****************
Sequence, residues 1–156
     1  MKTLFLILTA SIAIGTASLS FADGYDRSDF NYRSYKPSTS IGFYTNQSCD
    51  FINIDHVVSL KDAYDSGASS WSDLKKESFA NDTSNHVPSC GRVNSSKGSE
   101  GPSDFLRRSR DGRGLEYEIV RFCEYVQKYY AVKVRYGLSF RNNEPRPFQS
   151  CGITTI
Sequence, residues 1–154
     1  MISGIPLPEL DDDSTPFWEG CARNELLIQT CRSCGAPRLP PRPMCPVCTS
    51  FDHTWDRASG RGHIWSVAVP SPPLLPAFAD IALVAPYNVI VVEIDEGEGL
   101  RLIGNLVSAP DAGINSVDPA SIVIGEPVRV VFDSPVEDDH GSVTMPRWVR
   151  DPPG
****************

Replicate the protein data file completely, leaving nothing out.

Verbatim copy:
Sequence, residues 1–156
     1  MKTLFLILTA SIAIGTASLS FADGYDRSDF NYRSYKPSTS IGFYTNQSCD
    51  FINIDHVVSL KDAYDSGASS WSDLKKESFA NDTSNHVPSC GRVNSSKGSE
   101  GPSDFLRRSR DGRGLEYEIV RFCEYVQKYY AVKVRYGLSF RNNEPRPFQS
   151  CGITTI
Sequence, residues 1–154
     1  MISGIPLPEL DDDSTPFWEG CARNELLIQT CRSCGAPRLP PRPMCPVCTS
    51  FDHTWDRASG RGHIWSVAVP SPPLLPAFAD IALVAPYNVI VVEIDEGEGL
   101  RLIGNLVSAP DAGINSVDPA SIVIGEPVRV VFDSPVEDDH GSVTMPRWVR
   151  DPPG